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Forest Wildfires: How They're Started and What Makes Them So Dangerous



Forest fires are a common occurrence in Arizona, with the state seeing an average of over 2,200 wildfires every year. While some of these are started naturally by lightning or wind, most are caused by humans. There are many different ways that humans can inadvertently start forest fires, and they can be very dangerous when they do. In Arizona, over 60% of all wildfires are caused by humans. The combination of high temperatures and intense flames can result in the loss of homes, businesses, and even lives. While many of these fires are small and easily contained, some grow into large, dangerous blazes.


There are many things that can make a forest fire so dangerous. The combination of high temperatures, dry air, and strong winds can create "firestorms" that can quickly spread the flames through the forest. The intense heat from the fire can also cause trees to explode, sending burning embers flying in all directions. These embers can start new fires, making the situation even worse. In addition, wildfires produce large amounts of smoke and ash which can reduce visibility and lead to respiratory problems for people living near the blaze.


The Arizona Department of Forestry is responsible for protecting Arizona's forests against wildfire threats as well as controlling them once they have started so that damage is minimized. Firefighters work hard during peak times of wildfire threat - often under dangerous conditions - in order to keep Arizona's forests safe. Arizona has seen huge fires in recent years, including the Yarnell Hill Fire in 2013 which claimed the lives of 19 firefighters and resulted in over $12 million worth of damage. In 2018, a fire along Highway 87 from Payson to Sunflower also caused a lot of destruction. Arizona is also at risk for wildfires started across state borders such as those recently experienced due to California wildfires extending into Arizona territory and causing significant damage.


Wildfires can cause a lot of damage and loss, but there are ways to help prevent them. Some simple tips include never leaving campfires or cigarettes unattended, making sure vehicles are parked properly so as not to start fires with their hot exhaust pipes, and being careful when using power tools in the forest. Arizona is fortunate to have many highly-skilled firefighters who work hard every day to protect our forests against wildfire threats. By following some simple safety guidelines and being aware of the dangers of wildfires, we can all do our part in preventing these destructive blazes from happening.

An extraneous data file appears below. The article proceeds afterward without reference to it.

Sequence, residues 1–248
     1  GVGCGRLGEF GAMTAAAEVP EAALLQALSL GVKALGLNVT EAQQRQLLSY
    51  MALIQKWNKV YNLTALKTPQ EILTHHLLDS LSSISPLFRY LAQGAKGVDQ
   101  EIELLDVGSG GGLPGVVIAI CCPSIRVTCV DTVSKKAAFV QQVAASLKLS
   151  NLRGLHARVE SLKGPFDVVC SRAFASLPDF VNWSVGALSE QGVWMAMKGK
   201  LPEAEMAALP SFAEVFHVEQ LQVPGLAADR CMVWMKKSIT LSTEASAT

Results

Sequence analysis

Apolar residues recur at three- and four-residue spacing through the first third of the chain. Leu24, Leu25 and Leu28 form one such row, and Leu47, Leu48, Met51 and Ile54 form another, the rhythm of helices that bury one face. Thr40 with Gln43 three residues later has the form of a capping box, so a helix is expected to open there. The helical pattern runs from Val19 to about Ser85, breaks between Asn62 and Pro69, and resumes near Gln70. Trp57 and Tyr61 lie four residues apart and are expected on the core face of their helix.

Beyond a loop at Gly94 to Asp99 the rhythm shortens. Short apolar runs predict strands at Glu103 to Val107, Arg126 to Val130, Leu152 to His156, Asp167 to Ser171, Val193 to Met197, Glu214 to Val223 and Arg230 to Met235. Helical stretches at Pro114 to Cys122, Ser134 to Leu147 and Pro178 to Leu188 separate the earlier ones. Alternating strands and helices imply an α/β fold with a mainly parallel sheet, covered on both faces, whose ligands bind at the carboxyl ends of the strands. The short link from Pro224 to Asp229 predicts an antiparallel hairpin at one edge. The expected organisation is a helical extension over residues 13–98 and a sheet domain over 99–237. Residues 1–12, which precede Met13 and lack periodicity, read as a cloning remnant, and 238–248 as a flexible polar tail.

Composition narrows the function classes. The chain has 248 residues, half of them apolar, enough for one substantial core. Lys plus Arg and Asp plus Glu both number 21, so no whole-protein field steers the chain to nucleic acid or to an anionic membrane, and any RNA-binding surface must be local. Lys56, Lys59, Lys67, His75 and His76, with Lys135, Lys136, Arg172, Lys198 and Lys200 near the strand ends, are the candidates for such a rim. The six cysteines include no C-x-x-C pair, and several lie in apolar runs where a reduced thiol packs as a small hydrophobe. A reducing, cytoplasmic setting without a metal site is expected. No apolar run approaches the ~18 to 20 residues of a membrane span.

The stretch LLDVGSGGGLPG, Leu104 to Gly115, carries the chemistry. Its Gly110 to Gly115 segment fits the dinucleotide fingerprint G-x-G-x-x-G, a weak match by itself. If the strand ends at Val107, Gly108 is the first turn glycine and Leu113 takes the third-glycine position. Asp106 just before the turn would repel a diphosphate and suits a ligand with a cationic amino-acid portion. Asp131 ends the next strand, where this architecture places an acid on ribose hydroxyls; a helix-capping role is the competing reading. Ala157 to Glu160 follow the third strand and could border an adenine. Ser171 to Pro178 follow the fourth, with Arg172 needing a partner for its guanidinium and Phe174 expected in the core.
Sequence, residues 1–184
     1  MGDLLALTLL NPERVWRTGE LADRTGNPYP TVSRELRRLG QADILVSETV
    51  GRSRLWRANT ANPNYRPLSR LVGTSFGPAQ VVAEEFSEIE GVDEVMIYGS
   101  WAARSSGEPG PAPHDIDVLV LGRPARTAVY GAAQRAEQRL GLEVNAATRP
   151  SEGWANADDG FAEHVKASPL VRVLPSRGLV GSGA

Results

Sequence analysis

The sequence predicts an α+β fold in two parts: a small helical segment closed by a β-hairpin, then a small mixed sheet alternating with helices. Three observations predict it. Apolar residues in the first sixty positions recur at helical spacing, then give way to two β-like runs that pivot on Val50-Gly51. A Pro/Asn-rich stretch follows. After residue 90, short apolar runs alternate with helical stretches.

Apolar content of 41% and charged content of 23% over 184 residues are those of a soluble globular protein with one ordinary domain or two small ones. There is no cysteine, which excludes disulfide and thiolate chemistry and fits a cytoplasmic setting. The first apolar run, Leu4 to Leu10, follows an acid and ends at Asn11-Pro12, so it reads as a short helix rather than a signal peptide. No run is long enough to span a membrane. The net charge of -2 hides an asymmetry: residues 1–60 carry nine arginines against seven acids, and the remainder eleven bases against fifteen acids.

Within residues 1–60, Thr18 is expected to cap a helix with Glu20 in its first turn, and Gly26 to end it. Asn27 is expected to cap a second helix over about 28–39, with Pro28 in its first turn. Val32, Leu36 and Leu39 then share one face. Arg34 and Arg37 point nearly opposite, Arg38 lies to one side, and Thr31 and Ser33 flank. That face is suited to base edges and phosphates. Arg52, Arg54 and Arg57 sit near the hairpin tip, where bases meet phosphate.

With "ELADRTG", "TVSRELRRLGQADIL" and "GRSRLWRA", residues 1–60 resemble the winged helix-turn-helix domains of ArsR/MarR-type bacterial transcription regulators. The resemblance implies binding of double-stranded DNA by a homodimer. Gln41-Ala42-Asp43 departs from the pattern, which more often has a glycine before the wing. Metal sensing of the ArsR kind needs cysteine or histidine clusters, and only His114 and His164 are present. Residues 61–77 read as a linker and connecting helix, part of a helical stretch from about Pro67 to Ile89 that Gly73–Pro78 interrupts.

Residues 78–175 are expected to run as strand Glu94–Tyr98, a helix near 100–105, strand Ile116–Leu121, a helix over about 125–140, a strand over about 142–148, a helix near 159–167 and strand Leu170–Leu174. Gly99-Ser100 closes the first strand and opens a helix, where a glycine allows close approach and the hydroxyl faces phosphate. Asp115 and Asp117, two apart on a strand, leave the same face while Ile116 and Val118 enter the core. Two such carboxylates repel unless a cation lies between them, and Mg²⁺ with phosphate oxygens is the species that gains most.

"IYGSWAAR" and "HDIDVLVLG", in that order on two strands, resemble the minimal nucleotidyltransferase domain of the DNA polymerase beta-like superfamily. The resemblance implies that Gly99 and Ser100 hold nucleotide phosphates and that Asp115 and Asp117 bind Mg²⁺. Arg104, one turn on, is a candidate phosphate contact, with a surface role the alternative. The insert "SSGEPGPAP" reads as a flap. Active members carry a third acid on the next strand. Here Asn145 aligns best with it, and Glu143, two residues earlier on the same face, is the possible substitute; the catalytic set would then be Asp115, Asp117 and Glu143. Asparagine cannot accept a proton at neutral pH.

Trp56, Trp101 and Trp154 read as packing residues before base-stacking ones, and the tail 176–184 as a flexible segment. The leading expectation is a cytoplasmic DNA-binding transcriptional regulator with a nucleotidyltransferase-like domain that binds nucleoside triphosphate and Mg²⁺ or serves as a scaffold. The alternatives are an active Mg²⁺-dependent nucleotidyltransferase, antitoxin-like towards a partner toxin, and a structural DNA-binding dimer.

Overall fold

For more information on Arizona wildfires, please visit the links below:


Arizona Department of Forestry

www.arizonaforestry.gov/fire_prevention/wildland_fire.html

www.twitter.com/AZForestry


Arizona Division of Emergency Management:

dem.az.gov/emergency-management/wildfire-information-resources.html

www.twitter.com/Arizona_DEMA



 

Authors Bio:


My name is Fred Schoeffler, and I’ve lived in Arizona since 1955. Throughout my career of 34 years, I was a Forestry Aid, then a Lead Forestry Technician, and then finally a Supervisory Forestry Technician, and spent the following 28 years (1981-2007) as the Payson Hotshot (HS) Crew Superintendent. I also worked a few months on the Oak Grove HS (1973), where we were required to learn the Fire Orders, Watch Outs, Downhill Checklist, and the Common Denominators of Fatal and Near-Fatal Fires by heart.


Our Project 10 & 18 United LLC strives to be a valuable resource for Wildland Firefighters (WFs) and Firefighters (FFs) engaged in wildland firefighting, who want to learn from both the positive and negative experiences of others. To offer future prospects the value of learning from highly experienced WFs and FFs to provide the next generation with well-learned leadership lessons and skills, wildland fire weather and fire behavior, safe practices, proper and truthful accident investigations, and other aspects of wildland fire management, inspiring younger WFs and FFs to excel in this inherently dangerous, noble, and rewarding vocation.

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